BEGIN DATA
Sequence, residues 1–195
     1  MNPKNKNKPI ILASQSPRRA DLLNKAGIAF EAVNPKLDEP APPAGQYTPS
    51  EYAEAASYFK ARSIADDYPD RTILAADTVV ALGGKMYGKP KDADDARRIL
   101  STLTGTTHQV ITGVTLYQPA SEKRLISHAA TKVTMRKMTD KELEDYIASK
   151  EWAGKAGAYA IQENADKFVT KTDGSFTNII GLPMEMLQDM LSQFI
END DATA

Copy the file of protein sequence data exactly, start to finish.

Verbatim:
Sequence, residues 1–195
     1  MNPKNKNKPI ILASQSPRRA DLLNKAGIAF EAVNPKLDEP APPAGQYTPS
    51  EYAEAASYFK ARSIADDYPD RTILAADTVV ALGGKMYGKP KDADDARRIL
   101  STLTGTTHQV ITGVTLYQPA SEKRLISHAA TKVTMRKMTD KELEDYIASK
   151  EWAGKAGAYA IQENADKFVT KTDGSFTNII GLPMEMLQDM LSQFI